Sunday, February 18, 2007


Welcome to the first post of my blog! This blog will be primarily geared toward Christians who hold a biblical worldview (hence the name "Activism by the Book"). The "activism" part is because my goal is to equip and encourage biblical Christians (and other like-minded individuals) to become actively involved in the civic arena.

There seems to be a growing sentiment these days that it is wrong for Christians to express their beliefs in the public square, and wrong for Christian politicians to let their beliefs influence how they vote on bills. This is fueled to a large degree by the ACLU, Americans United for the Separation of Church and State, and the mistaken notion that the Constitution actually contains the phrase "separation of church and state" (it doesn't). We have gone from our founders' desire to merely prevent the federal government from establishing a national denomination, like England had, to a country where it is thought to be wrong to have the Ten Commandments posted in a government building, wrong to allow student-led prayer before graduation or a football game, and wrong to have a cross on public property.

Anyway, I want to touch on the contention by some that it is wrong for Christian politicians to let their beliefs influence their decisions. I'm sure you have heard politicians say, "I personally feel abortion is wrong, but I don't feel I have the right to impose my morality on others". What nonsense!

First of all, if your faith isn't a big enough part of your life that it influences your decisions on issues, then it is probably inconsequential to you. Second, using the abortion example, try substituting other words for abortion. How about, "I personally feel murder is wrong, but I don't feel I have the right to impose my morality on others"? That argument quickly falls apart. Third, everyone has a worldview. A person's theological beliefs (what they believe about God) are the foundation of their worldview, and influence every other area. Have you ever heard someone suggest that an atheist should check their beliefs at the door? Of course not! Their theological beliefs influence their decisions. (Almost no politician would admit to being an atheist, but for all practical purposes that is how many of them live their lives--they are what has been called "practical atheists".)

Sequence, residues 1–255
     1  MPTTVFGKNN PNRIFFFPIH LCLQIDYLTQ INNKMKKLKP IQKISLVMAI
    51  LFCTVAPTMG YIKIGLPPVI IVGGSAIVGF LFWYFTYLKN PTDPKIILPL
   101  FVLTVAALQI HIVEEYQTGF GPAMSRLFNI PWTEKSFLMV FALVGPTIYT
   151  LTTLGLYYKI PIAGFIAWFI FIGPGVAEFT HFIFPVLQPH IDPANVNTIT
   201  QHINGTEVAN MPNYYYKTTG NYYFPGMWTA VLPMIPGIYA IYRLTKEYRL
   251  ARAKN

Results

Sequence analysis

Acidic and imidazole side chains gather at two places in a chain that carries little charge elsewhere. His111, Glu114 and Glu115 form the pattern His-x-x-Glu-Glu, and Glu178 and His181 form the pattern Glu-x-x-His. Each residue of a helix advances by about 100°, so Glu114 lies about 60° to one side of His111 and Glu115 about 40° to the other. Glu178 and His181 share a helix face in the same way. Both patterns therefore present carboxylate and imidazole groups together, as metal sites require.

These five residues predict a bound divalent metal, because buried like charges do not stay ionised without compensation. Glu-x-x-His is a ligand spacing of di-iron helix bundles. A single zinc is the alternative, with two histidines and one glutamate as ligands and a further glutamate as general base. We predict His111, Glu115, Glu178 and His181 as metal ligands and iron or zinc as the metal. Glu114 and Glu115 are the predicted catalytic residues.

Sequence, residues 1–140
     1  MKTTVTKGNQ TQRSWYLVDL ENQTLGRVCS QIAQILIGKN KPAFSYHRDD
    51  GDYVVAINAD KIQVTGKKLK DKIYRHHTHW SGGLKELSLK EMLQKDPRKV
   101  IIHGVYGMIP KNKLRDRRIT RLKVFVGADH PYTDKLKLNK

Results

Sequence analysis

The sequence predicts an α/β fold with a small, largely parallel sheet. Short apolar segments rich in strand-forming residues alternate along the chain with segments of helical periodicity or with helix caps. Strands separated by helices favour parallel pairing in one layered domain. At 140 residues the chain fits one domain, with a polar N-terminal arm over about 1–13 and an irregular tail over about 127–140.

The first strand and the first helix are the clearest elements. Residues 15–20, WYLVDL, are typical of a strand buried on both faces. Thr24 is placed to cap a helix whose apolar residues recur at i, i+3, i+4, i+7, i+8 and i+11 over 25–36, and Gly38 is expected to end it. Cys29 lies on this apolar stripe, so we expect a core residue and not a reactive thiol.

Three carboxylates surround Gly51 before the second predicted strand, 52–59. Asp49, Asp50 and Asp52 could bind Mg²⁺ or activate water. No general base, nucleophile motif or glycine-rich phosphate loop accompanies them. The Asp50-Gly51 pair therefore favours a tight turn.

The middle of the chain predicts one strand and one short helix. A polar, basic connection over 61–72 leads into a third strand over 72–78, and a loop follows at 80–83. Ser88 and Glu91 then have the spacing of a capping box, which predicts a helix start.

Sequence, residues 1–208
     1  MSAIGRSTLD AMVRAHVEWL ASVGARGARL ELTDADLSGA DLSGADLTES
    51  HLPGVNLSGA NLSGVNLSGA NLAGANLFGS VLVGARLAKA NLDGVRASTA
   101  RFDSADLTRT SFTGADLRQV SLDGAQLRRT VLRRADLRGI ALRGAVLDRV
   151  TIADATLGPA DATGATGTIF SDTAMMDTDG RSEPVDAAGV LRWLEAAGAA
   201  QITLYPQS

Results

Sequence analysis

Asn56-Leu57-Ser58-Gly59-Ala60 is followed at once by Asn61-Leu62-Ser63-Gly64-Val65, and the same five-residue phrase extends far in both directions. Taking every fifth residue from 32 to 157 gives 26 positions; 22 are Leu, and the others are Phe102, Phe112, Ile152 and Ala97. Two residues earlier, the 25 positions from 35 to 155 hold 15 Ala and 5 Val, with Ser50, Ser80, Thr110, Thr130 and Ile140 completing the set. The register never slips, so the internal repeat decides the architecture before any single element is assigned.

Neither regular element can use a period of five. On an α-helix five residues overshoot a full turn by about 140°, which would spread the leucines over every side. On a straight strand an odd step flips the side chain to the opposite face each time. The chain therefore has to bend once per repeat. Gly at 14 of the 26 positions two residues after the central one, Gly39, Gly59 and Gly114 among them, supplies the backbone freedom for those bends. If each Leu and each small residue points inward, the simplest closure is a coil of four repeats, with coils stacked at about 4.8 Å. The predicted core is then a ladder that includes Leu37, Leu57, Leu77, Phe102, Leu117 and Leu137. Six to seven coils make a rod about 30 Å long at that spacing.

Well, I think I have given you enough for the introductory post. I'm hopeful I have at least started you thinking that perhaps it is ok to bring a biblical worldview into the public square. In future posts, I will try to flesh this out, and provide more reasons why Christians should be more involved in politics. In addition, I will try to keep you up to date on proposed legislation on social issues in your government (primarily State of Iowa, but also the federal government to some extent), as well as what is going on in the culture--e.g., religious liberties being lost, etc.

One quick note, in case you decide to post a response on this blog. You are free to express whatever opinion you like, I only ask that you keep the language clean. I would like to keep this site G-rated.

Thank you, and enjoy the blog!

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